In Pilates, the waiting is in the first breath, when the place of movement initiation is sensed and empowered. The spine is prepared for what will happen next, the pause is the preparation, the action of stability or mobility – flexion, extension or rotation of the bones and joints.

In the crafting of a theatrical moment, the body is relaxed and ready to express the words that will come from the mind. The actor waits for the space in time when the words will have connection to emotion and thought. Then, at the “right” moment, something is gestured and the voice activates the words of feeling and meaning.

Today, I have taken many moments of pause. Waiting to sense what will happen next, for the words to come as I write.

Photo: Forte Fotos

Attentional Sightedness; to rebuke Inattentional Blindness

Ken Gilbert

In my recovery from introversion, particularly in the past three years, the most challenging and profound action I choose is to remind myself to put my head on top of my spine and to look up and look out into the world. This has evolved into my embodied choice of sensing “myself” in the world; a courageous choice – to be willing to see others, to see the world, and, most important, my willingness to be seen by others, to be vulnerable and exposed in the world of random actions of everybody living their own lives.

I realize that “attentional sightedness” is a discipline that requires my full attention in any moment; a willingness to see and sense with my eyes. This is opposed to inattentional blindness, something I detect in myself and others when I fail to notice a fully-visible, but unexpected object when my attention is engaged on another task, event, or object, rather than being in the immediate moment of seeing what is.

I understand that the amount of information my body senses through sight, sound, taste, touch and smell is limitless, but my brain can be limited when it comes to where I place my attention; an act of exclusion. Hence, body awareness and an alert mind can easily be shut down or shut off. It becomes an inclusive practice to choose to pay attention to sensation and to include my surroundings and others when I am “looking up and looking out” into the world.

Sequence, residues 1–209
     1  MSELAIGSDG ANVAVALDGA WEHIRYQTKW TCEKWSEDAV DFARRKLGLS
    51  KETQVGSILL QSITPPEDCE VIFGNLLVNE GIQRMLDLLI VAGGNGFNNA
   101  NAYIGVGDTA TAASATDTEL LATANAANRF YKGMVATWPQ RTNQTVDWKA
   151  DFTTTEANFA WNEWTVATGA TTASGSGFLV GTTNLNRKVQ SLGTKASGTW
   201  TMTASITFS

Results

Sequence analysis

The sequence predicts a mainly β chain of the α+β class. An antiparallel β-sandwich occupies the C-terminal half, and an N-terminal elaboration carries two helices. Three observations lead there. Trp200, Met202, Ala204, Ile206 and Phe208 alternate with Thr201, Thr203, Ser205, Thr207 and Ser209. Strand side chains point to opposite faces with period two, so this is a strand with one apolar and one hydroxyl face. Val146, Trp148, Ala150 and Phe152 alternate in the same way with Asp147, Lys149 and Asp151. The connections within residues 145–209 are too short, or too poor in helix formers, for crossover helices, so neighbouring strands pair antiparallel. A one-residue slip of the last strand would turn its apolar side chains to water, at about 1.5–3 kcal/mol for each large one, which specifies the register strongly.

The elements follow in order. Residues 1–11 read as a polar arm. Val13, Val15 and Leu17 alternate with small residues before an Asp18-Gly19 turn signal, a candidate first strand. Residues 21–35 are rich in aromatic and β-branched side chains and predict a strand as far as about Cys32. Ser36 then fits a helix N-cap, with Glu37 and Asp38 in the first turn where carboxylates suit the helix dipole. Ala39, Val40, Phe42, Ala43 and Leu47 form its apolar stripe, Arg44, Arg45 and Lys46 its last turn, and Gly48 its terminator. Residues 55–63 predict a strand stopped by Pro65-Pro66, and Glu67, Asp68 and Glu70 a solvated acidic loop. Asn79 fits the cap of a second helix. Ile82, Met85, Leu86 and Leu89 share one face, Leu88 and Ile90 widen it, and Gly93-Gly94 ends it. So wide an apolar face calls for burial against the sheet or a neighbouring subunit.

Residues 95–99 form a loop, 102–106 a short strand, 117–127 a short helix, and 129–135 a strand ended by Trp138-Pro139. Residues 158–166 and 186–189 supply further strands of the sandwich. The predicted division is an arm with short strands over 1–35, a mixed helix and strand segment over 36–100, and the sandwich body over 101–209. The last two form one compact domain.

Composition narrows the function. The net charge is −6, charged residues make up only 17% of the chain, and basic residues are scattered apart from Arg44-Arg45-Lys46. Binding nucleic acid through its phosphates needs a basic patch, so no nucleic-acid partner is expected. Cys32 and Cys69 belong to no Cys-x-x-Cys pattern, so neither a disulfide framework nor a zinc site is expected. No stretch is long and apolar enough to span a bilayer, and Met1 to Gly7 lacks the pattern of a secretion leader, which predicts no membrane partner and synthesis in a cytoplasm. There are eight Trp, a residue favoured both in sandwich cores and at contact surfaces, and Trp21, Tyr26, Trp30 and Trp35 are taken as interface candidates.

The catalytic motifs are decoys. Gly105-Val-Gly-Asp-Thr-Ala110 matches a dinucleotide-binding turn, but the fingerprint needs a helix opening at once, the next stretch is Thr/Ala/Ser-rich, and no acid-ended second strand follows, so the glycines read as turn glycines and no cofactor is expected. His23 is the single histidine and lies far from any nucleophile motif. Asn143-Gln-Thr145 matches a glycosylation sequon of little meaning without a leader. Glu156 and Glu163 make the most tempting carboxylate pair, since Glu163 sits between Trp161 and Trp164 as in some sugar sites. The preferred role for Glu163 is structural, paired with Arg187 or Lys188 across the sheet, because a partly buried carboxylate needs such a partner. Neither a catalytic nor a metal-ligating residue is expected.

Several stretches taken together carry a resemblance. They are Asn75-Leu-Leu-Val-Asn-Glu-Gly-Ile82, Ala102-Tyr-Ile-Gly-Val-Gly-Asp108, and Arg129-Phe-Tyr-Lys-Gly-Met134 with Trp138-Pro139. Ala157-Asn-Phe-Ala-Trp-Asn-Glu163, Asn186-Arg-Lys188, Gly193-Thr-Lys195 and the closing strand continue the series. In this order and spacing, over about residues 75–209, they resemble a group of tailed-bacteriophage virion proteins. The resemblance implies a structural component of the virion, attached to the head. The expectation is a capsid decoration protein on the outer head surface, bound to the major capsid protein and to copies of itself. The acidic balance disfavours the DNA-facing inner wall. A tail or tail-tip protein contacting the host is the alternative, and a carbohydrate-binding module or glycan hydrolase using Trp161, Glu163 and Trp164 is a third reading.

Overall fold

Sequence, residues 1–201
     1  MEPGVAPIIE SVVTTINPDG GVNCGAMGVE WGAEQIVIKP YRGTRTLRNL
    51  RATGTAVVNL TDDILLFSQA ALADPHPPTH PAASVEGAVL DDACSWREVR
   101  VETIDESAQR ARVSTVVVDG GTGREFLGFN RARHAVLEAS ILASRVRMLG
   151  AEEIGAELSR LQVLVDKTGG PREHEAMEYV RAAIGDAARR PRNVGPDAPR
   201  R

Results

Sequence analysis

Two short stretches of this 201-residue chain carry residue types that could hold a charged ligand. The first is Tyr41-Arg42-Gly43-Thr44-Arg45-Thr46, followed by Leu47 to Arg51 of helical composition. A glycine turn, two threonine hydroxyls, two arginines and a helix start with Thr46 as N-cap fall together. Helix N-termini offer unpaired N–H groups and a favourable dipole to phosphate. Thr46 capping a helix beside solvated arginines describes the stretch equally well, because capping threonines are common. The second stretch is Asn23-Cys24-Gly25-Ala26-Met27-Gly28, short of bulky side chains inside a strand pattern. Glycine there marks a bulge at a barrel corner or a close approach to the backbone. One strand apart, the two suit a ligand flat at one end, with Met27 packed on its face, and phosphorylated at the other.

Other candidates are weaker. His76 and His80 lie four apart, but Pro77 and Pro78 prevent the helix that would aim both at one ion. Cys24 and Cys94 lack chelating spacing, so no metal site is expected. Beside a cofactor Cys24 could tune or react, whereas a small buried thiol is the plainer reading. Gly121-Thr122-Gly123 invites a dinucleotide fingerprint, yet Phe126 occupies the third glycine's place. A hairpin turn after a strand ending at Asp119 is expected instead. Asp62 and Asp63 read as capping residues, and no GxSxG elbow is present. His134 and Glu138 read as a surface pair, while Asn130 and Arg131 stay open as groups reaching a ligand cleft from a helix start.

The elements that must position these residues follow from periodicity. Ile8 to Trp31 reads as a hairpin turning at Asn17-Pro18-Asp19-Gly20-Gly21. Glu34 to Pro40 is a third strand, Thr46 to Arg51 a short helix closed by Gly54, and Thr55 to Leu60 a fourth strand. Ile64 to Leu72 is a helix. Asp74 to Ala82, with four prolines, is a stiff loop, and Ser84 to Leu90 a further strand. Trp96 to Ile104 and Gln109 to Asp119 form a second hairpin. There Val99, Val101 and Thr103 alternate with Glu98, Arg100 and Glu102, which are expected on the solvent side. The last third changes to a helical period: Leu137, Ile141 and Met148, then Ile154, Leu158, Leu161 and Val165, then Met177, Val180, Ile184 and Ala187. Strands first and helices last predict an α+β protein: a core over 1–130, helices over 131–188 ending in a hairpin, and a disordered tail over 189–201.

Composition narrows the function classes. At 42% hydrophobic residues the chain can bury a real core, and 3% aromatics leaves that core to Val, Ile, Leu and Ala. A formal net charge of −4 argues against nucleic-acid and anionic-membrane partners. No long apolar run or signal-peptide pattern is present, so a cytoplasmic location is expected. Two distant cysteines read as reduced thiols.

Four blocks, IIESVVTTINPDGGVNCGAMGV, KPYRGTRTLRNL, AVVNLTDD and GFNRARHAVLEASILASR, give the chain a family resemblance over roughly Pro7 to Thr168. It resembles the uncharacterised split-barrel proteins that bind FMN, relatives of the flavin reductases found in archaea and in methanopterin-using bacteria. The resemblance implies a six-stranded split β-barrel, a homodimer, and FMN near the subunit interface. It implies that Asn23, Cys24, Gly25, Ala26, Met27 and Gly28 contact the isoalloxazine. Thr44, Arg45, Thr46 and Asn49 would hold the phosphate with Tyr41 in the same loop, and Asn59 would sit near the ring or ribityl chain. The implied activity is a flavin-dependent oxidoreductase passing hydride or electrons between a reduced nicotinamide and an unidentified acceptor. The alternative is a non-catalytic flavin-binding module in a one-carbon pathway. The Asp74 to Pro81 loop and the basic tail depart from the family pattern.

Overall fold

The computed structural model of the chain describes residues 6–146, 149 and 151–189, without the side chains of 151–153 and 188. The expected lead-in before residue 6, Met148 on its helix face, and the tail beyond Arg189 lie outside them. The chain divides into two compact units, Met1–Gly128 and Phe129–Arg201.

Everyday, with my head up and eyes looking out, I am amazed at how many times I dodge someone pulling out in front of me when driving anywhere in town and on the freeway. I am becoming a horn honker when this happens, something I have never done before. I am amazed at the lack of “eye contact” with others, particularly, when I recognize the other and them, not me (yes, I have a beard of eleven months, but my face and eyes are the same). I am beginning to stand in the clear sight of someone I know, focus on them and wait for some sort of recognition; and, if not, I smile and move on. I am concerned that the ease of inattentional blindness is becoming a state of everyday life; choosing not to look out and see the world and others.

In my life as an introvert, I am making an extroverted choice. I am committing to take the time, the moment, the pause, and to look up and see with my eyes; to witness an extraordinary world populated by many people.

Photo (filtered): Forte Fotos

Being at HOME in the Body

Ken Gilbert

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Today, caught in the wake of the terrorism in Paris, there is a feeling of instability. It is easy to spin stories of devastation and chaos. The questions come: Where in the world can I be safe? This most immediate attack was an assault on the "City of Lights", a place where the entire world celebrates a unique romanticism of love; be it art, or food, or the extraordinary light of impressionism (a movement in art that "forced" our perspective of the world).

This morning, in the Santa Barbara Salt Cave, the focus of a Nia Class was to